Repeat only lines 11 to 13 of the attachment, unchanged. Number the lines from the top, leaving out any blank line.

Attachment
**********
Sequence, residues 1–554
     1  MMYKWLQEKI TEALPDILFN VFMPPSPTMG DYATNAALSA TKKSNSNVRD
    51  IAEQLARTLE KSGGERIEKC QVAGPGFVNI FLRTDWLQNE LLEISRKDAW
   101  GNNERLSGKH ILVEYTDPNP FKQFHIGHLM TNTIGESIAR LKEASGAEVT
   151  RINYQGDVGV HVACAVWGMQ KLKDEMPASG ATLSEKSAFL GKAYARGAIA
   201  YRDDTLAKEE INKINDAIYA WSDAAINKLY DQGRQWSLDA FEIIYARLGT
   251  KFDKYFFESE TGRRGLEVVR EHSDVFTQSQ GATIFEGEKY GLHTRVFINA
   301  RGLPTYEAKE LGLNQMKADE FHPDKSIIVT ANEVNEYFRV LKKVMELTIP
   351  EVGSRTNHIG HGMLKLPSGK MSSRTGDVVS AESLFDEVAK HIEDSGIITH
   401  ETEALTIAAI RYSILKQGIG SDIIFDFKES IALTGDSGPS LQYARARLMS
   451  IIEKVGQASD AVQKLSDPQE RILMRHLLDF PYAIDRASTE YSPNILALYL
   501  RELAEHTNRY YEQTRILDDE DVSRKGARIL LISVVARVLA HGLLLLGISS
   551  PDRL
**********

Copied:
   451  IIEKVGQASD AVQKLSDPQE RILMRHLLDF PYAIDRASTE YSPNILALYL
   501  RELAEHTNRY YEQTRILDDE DVSRKGARIL LISVVARVLA HGLLLLGISS
   551  PDRL